By Catherine Wagley
By Channing Sargent
By L.A. Weekly critics
By Amanda Lewis
By Catherine Wagley
By Carol Cheh
By Keegan Hamilton
By Bill Raden
“Every day I just woke up and did what I had to do, all day. It was all right in front of me. There were no phone calls being made, no letters being sent. There was the Coffee Gallery, the drunks and blues musicians in there; and the bar on Grand Avenue, and there’d be some guys in there; and the winos on the street and street musicians. That was the whole world. I probably had as much commerce with them then as I do now with all the people I talk to all over the world on the Internet, all in one 20-block North Beach radius.
“I didn’t think I was going to get into the music business. It had never even occurred to me. I just wanted to play music. I just wanted to fuckin’ play and be left alone.”
One of the distinct pleasures of As Far as You Can Get is one of the distinct pleasures of Case’s music: its humility. Case cops no attitude as to his own journey being any more or less important or interesting than anyone else’s. They’re all fascinating; his just happens to be the one he knows best.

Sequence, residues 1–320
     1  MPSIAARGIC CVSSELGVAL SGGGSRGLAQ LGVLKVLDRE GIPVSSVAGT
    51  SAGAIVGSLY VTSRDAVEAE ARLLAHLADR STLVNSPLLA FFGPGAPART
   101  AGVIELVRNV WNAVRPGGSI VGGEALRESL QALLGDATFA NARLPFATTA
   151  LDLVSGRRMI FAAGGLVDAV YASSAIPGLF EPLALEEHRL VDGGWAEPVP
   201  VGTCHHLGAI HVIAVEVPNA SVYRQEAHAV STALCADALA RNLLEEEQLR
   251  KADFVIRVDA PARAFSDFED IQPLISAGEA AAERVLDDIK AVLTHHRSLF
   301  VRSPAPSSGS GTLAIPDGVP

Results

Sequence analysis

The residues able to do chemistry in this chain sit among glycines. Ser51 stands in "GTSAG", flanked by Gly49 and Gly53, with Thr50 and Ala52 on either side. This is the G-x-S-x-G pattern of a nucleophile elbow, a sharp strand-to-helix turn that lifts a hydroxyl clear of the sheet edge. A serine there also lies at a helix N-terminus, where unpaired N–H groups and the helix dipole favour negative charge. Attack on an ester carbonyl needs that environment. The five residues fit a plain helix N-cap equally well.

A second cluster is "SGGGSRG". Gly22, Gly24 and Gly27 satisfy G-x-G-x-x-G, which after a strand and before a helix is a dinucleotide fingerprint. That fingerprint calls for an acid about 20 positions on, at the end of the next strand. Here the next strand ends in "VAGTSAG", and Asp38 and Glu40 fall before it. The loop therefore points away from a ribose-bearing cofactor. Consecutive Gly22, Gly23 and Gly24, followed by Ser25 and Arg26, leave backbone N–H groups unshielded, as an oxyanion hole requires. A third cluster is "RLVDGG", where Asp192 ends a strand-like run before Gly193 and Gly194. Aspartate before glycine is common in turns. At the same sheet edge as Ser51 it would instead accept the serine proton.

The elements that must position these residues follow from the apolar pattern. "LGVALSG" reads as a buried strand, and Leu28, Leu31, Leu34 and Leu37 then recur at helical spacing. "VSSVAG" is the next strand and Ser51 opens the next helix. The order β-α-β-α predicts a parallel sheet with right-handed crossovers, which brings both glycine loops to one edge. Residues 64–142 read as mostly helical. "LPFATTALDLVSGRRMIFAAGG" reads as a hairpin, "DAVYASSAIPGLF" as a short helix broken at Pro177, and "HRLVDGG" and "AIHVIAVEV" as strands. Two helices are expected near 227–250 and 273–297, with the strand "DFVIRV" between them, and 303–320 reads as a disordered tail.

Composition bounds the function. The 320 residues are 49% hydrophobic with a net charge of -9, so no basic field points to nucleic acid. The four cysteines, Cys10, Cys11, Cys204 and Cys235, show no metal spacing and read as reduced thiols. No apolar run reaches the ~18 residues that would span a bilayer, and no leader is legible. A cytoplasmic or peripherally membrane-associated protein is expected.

The only time I feel alright is when I’m playing this stuff. The rest of the time I’m a wreck.
“And I’m basically still living the same life I was living in the book,” says Case. “I’m just living the grown-up version of it. There’s a new word for the freelance life now — it’s called precarity. And what it refers to is that people who are freelance, they can’t tell if they’re working 24/7, or if they’re unemployed. What we’re up against now is an era where everybody’s time is completely dominated, and everybody’s working for free.”
It’s well past closing time at McCabe’s, and we get a polite reminder to wrap things up. Case picks up the pace and intensity.
“If you could live a comfortable life, making $10 million a year — you probably would! I mean, who wouldn’t? But how much would you give up? Well, some people can’t give that up! It’s just not possible, for lots of people. And for some, somehow, it is. But the fact that there’s such a huge segment of the culture . . . taking advantage of the precarity of everybody else. They work you. So if you go on the Internet now and look for a writer’s gig on Craigslist —”
“— Unfortunately,” I quote the concluding lines of the Craigslist writing-gigs anthem, “there is no compensation.”
“No compensation for the writer!” Case almost hollers.
“But a great opportunity for the right person!”
“Yeah,” says Case. “They call that exposure. And I say, Hey man — you can die of exposure.”?
AS FAR AS YOU CAN GET WITHOUT A PASSPORT | By PETER CASE | For Now/Everthemore Books | 51 pages | $10 paperback
Peter Case will read from As Far as You Can Get Without a Passport at Book Soup this Sat., April 21, at 7 p.m.